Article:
It’s best described by this synopsis of Republican efforts to make mail-in voting harder (boldface mine):
Two things conspired to dampen that Republican enthusiasm in recent years: Progressive-minded states began to adopt mail-in balloting as means of boosting overall voter turnout and better ensuring equality in voting opportunities, generating the predictable (indeed, unavoidable) Republican reflex of now seeing conspiracy in use of the thing they championed because now the wrong people were using it. There is no better way to convince a white conservative that a government program is corrupt or unnecessary than informing them that a nonwhite nonconservative is benefiting from it, and that is such a universal truth that Fox News was able to build a whole network around it.
But it was Donald Trump who flipped Republican lawmakers, in some cases overnight, on the subject. A narcissistic conspiracy crank and ignorant buffoon in all subjects, Trump began to see the promotion of mail-in balloting as an insult to him, personally, in that calls to vote by mail emphasized the dangers of the deadly pandemic that he also believed was being inflated solely to make him look bad. Because Trump is Trump, this almost immediately evolved into claims that mail-in voting was itself a conspiracy against him; as Trump slid in the polls and it began to look more improbable that he could step over half a million corpses to win a second term, Trump’s team began to overtly say that if they lost, they would blame it on “fraud” rather than acknowledge his loss.
A coping mechanism for a decompensating malignant narcissist in the throes of mental crisis thus became a new Republican Party core belief. No, no, it couldn’t possibly be that the Dear Leader’s incompetence through four years culminated in economic collapse and nationwide chaos. It must be a conspiracy by “urban” voters, globalists, immigrants, atheists, and every other enemy of white nationalist chaos. It turns out that if you get hundreds of Republican lawmakers to repeat the same white nationalist claims, enough of the Republican base will believe the claims to mount a genuine, if incompetent, insurrection.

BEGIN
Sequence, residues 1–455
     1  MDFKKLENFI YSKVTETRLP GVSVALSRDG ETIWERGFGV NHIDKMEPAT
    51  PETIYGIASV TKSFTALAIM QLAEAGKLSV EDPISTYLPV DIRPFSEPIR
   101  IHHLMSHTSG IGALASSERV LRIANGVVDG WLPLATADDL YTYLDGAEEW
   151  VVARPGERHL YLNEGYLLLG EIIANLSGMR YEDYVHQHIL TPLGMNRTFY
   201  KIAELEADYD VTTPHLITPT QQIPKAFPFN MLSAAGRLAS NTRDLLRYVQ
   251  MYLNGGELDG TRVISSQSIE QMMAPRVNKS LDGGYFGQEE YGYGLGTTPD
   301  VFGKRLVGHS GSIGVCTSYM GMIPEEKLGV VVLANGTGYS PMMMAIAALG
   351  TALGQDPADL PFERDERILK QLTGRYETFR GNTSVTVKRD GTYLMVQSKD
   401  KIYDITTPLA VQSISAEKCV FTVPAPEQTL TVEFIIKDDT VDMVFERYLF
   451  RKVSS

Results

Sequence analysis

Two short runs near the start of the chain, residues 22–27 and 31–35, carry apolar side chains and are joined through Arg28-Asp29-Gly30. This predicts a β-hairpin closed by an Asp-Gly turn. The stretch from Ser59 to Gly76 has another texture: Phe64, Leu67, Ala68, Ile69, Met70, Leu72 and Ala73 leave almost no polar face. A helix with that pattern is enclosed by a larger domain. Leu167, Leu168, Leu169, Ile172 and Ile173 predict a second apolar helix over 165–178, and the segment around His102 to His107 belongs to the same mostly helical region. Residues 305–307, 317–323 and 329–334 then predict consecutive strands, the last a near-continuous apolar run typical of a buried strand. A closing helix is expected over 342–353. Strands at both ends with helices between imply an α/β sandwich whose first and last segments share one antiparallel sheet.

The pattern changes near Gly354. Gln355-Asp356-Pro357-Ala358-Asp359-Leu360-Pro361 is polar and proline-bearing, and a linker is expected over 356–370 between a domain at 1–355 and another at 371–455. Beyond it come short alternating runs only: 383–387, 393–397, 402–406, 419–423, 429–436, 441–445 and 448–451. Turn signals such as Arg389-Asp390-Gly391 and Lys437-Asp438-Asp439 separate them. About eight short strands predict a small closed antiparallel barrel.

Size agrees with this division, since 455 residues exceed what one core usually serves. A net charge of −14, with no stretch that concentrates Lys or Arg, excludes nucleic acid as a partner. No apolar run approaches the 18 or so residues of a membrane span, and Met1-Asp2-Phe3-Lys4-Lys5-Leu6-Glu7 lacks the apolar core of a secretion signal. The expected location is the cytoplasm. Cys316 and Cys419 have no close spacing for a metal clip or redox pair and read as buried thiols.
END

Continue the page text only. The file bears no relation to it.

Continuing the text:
Of course, one of the first practitioners of this lunacy–Trump v0.1–was Sarah Palin, who made grievance politics part and parcel of Republican Party politics (boldface added):
While people have described Palin as engaging in identity politics, that sells identity politics short. Palin along with the proto-movement surrounding her–Palinism–practices what could be call ‘politics of the blood.’ It’s derived from Giovanni Gentile’s description of fascism: “We think with our blood.” In Palin’s case, it’s an emotional appeal to a romanticized, mythical past of “real America.” And that’s why I think the fixation people have on Palin’s complete policy incoherence and ignorance is missing the point.
Her policy ignorance isn’t a bug, it’s a feature. Palin is conceptually and intellectually poor because her politics are not about policies, but a romantic restoration of the ‘real’ America to its rightful place. The primary purpose of politics is not to govern, not to provide services, and not to solve mundane, although often important, problems. For the Palinist, politics first and foremost exists to enable the social restoration of ‘real’ Americans… and the emotional and social advantages that restoration would provide to its followers… Practicalities of governance, such as compromise and worrying about reality-based outcomes, actually get in the way. Why risk having your fantasy muddied by reality?
In this way, symbols and short phrases are the goal, not a means (although others, such as corporations and lobbyists, are willing to co-opt the emotions these symbols generate to further their own agendas)…
But that romanticism is at the heart of Palinism. It’s not a forward-looking utopianism, but a desire to return to a mythical, halcyon America that was Christian, low-tax, small government, and had less racial and ethnic discord (the latter is the most absurd, but, if you were white, there weren’t racial problems: you were white–no problems!). This vision has not existed for decades, if at all, but it is a predictable reaction to the loss of primus inter pares status of Christian whites; they are no longer the default setting…
What makes Palinism worrisome, and why I think it can be labelled ‘para [or proto]-fascist’ is that it is marginalist. For ‘real Americans’ to take back ‘their’ country–and note the phrase take back–they, by definition, are taking it back from an Other, whether that Other be a religious minority, racial minority, or some other group. This isn’t ‘old-school’ identity politics–getting a fair share; even if we disagree about the amount of shares and methods, traditional identity politics are not marginalist. There is a disconcerting streak of marginalization of the Other (e.g., gays, religious minorities, racial minorities) that could easily veer into eliminationist rhetoric and violence; arguably, Palin came very close in the 2008 campaign. Had Palin or McCain wanted to, they could have incited their political rallies to violence; they were that angry.
The Republican rank-and-file was primed for this.